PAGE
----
[Understanding Blockchain] Part 2 : Basic Blockchain Concepts

In this article I will be talking about the basic concepts that are used within a Blockchain.

Hash Functions

A hash function is any function that can be used to map data of arbitrary size to fixed-size values. The values returned by a hash function are called hash values, hash codes, digests, or simply hashes.

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A good hash function that acts of data: X should have the following properties :

  • No other X’ can have HASH(X’) equal to Y. Its one to one mapping.
  • The size of Y is fixed and the size of X can be arbitrary.
  • Given Y you can not calculate X. Its a one-way function!
  • If I change even 1 bit of the data, the computed digest should change.

This basically mean that I can take any chunk of data and compute its unique digest using a hash function. If I send that piece of data and its computed hash along with it to a receiver, Bob, Bob can then recompute the hash of the data received to ensure that the content of was not corrupted in the transmission. When we download a file from the internet, it uses the same hash functions to verify its integrity. most of the files you will download from the internet nowadays will be accompanied with hashes to allow you to check for their integrity.

Asymmetric Cryptography

In the digital world there is primarily two types of encryption: symmetric & asymmetric. In Symmetric encryption there is a single secret key that is used for both encrypting & decrypting of data. it is like your home keys for example. any one with a copy can lock / unlock your door.

Asymmetric encryption on the other hand works in a quite different way. you have a set of two keys, a locking key and an unlocking key. or can be called public & private key. you can lock your door with the either of the keys, but you can only unlock it with the other key. this means if you have the one of the keys only you can lock stuff up but only a person with the other key in the set can unlock it.

these in the computer world are called public and private keys.


Secure Communication using Public Key Cryptography

Now in order to communicate securely you can use this concept of Asymmetric encryption as follows:

  1. You and other party both have public and private keys
  2. You both share with each other the public (locking keys)
  3. When you want to send something you lock it with the other party locking key.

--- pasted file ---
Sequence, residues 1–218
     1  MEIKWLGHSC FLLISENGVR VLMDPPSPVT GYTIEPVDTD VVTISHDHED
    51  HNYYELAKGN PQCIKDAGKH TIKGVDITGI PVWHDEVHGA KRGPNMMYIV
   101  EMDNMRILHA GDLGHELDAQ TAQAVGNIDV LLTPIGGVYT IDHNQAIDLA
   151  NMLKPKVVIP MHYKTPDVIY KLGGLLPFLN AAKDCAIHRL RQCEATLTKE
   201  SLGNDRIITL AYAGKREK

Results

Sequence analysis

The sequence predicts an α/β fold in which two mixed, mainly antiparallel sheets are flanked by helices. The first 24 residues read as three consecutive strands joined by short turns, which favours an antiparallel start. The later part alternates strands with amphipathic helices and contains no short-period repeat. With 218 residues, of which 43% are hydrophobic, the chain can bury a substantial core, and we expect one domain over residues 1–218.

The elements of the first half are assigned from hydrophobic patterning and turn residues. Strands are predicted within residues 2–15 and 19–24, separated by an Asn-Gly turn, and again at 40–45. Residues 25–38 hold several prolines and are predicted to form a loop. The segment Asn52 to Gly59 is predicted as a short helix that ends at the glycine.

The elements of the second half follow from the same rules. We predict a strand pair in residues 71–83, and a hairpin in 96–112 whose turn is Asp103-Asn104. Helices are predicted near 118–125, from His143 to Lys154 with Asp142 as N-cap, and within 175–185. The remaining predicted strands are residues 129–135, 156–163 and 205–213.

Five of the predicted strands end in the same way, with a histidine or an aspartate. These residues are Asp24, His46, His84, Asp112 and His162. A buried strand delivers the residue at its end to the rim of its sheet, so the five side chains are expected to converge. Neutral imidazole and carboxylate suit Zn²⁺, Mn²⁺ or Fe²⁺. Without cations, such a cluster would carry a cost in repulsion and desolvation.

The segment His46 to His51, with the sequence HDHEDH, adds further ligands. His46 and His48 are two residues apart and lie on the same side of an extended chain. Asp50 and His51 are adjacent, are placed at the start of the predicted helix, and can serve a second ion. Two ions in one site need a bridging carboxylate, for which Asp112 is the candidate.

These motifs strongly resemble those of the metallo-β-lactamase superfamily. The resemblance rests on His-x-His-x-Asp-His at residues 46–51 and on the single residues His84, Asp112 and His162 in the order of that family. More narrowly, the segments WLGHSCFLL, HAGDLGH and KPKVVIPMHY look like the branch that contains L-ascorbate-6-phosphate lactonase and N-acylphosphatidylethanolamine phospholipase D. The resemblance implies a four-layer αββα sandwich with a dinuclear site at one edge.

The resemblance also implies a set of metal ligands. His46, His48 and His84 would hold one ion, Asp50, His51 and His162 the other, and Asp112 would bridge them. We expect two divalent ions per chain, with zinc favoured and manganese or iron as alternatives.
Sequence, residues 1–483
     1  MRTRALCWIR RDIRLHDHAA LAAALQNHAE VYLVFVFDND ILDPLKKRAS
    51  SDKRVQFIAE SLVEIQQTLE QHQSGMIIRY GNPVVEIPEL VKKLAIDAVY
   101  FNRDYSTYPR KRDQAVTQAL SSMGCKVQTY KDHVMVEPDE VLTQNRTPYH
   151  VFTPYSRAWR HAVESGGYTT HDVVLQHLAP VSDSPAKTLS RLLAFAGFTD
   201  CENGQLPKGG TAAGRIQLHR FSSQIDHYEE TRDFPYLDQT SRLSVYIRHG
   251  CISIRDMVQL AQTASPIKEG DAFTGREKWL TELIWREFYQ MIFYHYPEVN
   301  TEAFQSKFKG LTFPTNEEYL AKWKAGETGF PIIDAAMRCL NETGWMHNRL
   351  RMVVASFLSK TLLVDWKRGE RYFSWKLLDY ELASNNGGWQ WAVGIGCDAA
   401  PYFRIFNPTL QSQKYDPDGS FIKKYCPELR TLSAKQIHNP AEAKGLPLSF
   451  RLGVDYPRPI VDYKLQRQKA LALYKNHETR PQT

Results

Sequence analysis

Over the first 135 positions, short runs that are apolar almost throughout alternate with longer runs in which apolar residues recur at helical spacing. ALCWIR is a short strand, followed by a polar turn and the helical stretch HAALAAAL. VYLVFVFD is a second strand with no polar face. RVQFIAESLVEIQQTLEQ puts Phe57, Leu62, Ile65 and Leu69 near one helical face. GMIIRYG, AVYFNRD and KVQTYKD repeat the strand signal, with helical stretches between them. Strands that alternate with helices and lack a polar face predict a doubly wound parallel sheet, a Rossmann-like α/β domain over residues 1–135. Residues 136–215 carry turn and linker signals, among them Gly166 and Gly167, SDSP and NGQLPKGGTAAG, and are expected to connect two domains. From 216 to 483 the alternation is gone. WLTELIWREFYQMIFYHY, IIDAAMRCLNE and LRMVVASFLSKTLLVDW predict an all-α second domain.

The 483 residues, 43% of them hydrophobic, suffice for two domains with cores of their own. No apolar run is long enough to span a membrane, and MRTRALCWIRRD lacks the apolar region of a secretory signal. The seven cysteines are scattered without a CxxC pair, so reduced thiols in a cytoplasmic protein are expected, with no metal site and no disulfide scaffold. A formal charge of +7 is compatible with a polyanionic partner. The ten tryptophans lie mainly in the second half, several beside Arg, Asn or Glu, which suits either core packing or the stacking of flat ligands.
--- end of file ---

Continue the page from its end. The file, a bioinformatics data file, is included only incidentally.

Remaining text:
4. other party decrypts the message by its private (unlocking) key.
  5. Other party prepares response, locks it by your public (locking key).
  6. Because you are the only one with the unlocking key you are the only entity that can unlock other party response.

In this scheme the locking keys (public) can be shared on the internet without any problem as only secret keys can be used for message decryption 😂.

Digital Signatures using Public Key Cryptography

Let’s continue with the previous communication example. Where you receives a message, which when you decrypts says “Meet me at 11:00 tomorrow”. How can you know for sure that the message was sent by the other party and not a malicious entity?

This can be achieved if the message is “signed” by its sender. you as a receiver receiver of the message can then verify the signatures.


If we don't need to encrypt the whole message, one way to “digitally sign” the message is as follows:

  1. The sender to calculate the hash of the message data.
  2. Sender encrypt this hash with its private key and sends it with the message.
  3. Receiver gets the message and calculates its hash on its own.
  4. Receiver can decrypt the hash sent by the sending party using its public key.
  5. If the message was indeed a legit message the decrypted hash would match the hash calculated by the receiver.

Public Key Infrastructure

For the entire secure communication to work, both parties need to establish trust in each other’s public key while using the same open unsafe internet. The question now is how to share the key and prove its ownership to ensure future secure communication? if there is no way to link the public key to an entity any entity can simply announce a public key and claim to be anybody and thus breaking security.

To help solve this issue we have a concept of a trusted authority in the middle that all network participants trust. This trusted authority is called a CA or certificate authority.

Certificate Authorities : en.wikipedia.org/wiki/Certificate_authority

C.A.s work by keeping track of the entities and authenticate the public information that they provide, when a party vends his public key along with the its information. this entity's information needs to be validated before the communications can actually happens.

you can learn more about CAs and how they work by reading my previous blogpost What is HTTPS and how secure is it ?

Next Steps

In the next blog post we will begin applying these concepts to build a simple blockchain (it will be by no means production ready, but it will help explain how a blockchain works).